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Hero in Mourning Ignites Braves, 5-3

September 03, 1993|ROSS NEWHAN | TIMES STAFF WRITER

ATLANTA — The initials are etched in his mind forever. He used his bat to etch them in the dirt near home plate Thursday night.

CP for Chris Pickett.

Tony Tarasco, driven by the memory of his late friend, then delivered a pinch-double that may have meant as much to the Atlanta Braves as the improbable home run by John Patterson meant to the San Francisco Giants on Wednesday.

The double ignited a three-run, seventh-inning rally that lifted the Braves to a 5-3 victory in their final game of the season against the Giants.

The Braves trail the division-leading Giants by 3 1/2 games in the National League West, but it might have been 5 1/2.

"That's huge," Manager Bobby Cox said. "It's virtually impossible to make up 5 1/2 in a month against a team of the Giants' caliber, especially when you have to depend on others for help."

The standings were almost secondary to Tarasco, a 22-year-old graduate of Santa Monica High, when he batted for Mark Wohlers with one out in the seventh, the Braves trailing, 3-2.

Almost everything has been since March 23, when Pickett was shot by Los Angeles police, Tarasco said, while fleeing a robbery.

"He was my best friend," Tarasco said. "I went through school with him. I think about him when I get down, and I thought about him when I was the plate tonight.

"I went home for his funeral during spring training and have been putting his initials in the dirt ever since. I've dedicated my career to him, and I was determined to come through for him tonight. It was obviously my biggest hit."

Tarasco spent most of the year playing right field at triple-A Richmond. He was recalled for a second time last week and was four for 16 before he connected against Jeff Brantley.

A single by Otis Nixon scored Tarasco to pull the Braves even at 3-3. Jeff Blauser walked, bringing on Dave Burba. Nixon stole third and scored the go-ahead run when Ron Gant drilled a single off Burba's right cheek as the pitcher pivoted on his follow-through, the ball caroming to catcher Kirk Manwaring 10 feet up the first-base line.

Kevin Rogers replaced Burba and gave up a run-scoring single to Fred McGriff. That was it. The Giants collected only two hits against four Atlanta relievers after Steve Avery had given up three runs and six hits, including Barry Bonds' 40th home run, in only 3 2/3 innings.

It was the Braves' 18th victory in their last 22 games, their fifth in six against the Giants during the last 11 days.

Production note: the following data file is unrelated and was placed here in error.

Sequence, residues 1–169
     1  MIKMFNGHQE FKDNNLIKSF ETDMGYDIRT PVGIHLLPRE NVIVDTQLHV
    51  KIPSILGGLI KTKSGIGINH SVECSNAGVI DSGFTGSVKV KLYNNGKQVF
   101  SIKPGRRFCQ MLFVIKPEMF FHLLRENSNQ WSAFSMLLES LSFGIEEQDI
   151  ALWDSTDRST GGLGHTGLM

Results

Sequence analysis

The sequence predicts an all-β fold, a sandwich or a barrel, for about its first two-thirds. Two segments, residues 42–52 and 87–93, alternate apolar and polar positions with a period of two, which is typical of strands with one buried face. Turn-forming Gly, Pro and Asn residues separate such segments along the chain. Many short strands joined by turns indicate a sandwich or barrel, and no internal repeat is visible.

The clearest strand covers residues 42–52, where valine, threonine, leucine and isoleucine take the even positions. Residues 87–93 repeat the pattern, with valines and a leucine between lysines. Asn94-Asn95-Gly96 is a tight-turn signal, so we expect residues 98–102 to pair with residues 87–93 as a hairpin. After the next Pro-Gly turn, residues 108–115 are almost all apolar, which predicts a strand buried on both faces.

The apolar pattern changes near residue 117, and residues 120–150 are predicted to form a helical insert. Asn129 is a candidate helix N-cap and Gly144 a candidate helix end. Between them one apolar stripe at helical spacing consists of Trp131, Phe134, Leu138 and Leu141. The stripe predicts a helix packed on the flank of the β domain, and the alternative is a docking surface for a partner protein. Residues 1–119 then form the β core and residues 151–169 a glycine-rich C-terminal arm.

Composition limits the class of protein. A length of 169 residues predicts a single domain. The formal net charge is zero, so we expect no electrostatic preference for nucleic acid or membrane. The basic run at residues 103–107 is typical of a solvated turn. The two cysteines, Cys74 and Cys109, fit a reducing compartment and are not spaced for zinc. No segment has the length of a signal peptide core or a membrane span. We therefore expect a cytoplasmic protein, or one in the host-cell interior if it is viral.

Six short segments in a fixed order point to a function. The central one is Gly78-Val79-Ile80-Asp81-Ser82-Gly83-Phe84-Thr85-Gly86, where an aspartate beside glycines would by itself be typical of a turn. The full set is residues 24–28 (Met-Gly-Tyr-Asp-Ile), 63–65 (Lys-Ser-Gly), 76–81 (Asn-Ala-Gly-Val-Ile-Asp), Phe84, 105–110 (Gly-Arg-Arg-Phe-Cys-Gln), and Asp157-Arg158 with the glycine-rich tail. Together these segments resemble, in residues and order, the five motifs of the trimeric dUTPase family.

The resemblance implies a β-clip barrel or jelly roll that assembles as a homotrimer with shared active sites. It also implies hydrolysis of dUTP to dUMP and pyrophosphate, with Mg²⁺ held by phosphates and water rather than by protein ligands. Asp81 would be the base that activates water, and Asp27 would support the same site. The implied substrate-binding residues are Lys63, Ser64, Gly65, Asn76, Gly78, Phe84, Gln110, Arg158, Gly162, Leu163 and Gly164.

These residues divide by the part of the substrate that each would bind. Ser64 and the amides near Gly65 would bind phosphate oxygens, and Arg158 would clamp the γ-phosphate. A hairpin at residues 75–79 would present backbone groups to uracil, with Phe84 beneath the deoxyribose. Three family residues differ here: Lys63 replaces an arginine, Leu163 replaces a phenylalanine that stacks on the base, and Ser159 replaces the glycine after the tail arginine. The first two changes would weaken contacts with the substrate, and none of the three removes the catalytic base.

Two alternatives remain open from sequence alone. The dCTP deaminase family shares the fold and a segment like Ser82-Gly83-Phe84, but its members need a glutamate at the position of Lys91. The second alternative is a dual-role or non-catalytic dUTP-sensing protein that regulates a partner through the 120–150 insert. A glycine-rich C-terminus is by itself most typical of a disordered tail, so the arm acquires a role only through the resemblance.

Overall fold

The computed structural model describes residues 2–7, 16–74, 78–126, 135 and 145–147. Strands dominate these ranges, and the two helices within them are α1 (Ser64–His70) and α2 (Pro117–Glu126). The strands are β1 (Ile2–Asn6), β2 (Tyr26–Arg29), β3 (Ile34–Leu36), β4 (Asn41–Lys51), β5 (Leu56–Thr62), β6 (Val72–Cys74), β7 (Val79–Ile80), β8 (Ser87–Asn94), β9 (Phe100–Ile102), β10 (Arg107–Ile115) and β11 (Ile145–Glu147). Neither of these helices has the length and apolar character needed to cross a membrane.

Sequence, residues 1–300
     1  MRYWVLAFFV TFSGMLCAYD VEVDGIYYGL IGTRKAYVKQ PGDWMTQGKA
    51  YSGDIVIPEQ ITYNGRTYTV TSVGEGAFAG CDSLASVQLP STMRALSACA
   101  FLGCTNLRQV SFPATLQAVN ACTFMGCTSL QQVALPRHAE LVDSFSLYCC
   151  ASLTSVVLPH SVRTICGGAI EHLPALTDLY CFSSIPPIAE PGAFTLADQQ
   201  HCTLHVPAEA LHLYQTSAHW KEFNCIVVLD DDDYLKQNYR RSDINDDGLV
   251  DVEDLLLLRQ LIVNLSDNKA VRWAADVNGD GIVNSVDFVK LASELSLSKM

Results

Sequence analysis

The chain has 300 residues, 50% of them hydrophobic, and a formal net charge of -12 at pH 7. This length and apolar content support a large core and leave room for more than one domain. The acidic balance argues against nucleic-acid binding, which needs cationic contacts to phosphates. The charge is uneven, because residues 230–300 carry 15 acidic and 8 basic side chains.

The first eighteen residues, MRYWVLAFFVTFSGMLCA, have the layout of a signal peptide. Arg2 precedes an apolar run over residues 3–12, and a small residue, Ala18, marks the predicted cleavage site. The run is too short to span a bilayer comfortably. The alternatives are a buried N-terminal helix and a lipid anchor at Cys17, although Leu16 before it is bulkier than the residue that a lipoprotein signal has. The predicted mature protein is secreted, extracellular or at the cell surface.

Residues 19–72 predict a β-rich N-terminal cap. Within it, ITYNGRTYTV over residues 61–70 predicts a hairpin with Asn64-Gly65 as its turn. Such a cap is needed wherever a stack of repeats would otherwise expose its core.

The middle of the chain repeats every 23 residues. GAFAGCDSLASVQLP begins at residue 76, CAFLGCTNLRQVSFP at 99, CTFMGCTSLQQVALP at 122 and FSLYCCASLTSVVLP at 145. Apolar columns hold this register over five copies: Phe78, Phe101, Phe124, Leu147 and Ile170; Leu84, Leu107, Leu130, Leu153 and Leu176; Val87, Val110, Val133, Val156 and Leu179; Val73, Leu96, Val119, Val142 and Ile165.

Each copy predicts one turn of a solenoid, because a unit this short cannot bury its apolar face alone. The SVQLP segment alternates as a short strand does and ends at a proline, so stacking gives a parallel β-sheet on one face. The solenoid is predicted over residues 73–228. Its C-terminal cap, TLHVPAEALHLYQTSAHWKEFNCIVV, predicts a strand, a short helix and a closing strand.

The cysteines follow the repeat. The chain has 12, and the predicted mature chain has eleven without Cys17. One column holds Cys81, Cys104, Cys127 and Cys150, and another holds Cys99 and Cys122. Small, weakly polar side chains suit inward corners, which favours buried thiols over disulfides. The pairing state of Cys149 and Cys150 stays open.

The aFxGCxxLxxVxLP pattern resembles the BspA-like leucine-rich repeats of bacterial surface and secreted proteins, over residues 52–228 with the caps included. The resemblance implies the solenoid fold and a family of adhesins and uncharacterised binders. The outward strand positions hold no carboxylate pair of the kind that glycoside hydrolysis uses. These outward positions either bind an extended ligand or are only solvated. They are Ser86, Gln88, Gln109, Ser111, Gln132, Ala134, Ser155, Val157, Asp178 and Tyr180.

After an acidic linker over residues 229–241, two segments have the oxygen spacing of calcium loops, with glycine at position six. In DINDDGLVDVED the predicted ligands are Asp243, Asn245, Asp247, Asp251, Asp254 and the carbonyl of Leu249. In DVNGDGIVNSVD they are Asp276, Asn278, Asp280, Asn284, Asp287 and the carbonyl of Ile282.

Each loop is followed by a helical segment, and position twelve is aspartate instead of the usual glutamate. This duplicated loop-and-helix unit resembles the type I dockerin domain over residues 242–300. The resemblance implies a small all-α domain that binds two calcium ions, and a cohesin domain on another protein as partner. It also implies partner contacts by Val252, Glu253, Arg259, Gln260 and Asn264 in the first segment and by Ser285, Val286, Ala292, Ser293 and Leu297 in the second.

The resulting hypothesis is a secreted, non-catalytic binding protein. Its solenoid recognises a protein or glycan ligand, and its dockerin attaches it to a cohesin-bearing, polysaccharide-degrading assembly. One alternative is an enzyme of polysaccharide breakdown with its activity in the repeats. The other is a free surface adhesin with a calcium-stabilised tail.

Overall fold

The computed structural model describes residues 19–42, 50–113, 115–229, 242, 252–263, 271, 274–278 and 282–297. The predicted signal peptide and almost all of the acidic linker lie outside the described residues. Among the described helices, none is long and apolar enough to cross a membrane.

"We did about all we could do," Gant said. "We need help now, but we've given them something to think about."

San Francisco Manager Dusty Baker is paid to think his team still has the advantage. He wouldn't trade, he said. The Braves are now behind him in more ways than one.

"I'm not crazy about going to play the Cardinals in St. Louis," he said, "but it doesn't hurt that Lee Smith isn't there anymore. I mean, no one can match Atlanta's pitching. I'm glad, in that respect, to have these games behind us, though I'd also like to play them over."

What's left? A virtual home-road split for both teams.

The Giants play seven against St. Louis, four each against the Padres, Astros and Dodgers, three each against the Reds and Cubs and two each against the Rockies and Pirates. They are 47-25 against the eight, with losing records against only the Dodgers (3-6) and Cardinals (2-3).

The Braves play seven against San Diego and three each against the Dodgers, Mets, Astros, Reds, Rockies, Phillies and Expos. They are 49-24 against the eight, with a losing record against only the Phillies (4-5).

If there is an advantage, it may rest with the Braves, who have 23 games remaining against the Rockies, Mets and Padres. They are 20-5 against those three.

The Giants, meanwhile, have 11 left against the Dodgers and Cardinals, against whom they are 5-9.

"We're hoping the Phillies and Expos are tough on the Braves, but we have to help ourselves, that's No. 1," Baker said.

Help is near. Catalytic Darren Lewis comes off the disabled list Saturday, and John Burkett, bombed in his three previous tries for victory No. 19, pitched six solid innings Thursday before the heat and his middle relief pitchers deprived him again. So did an unlikely hero in mourning.

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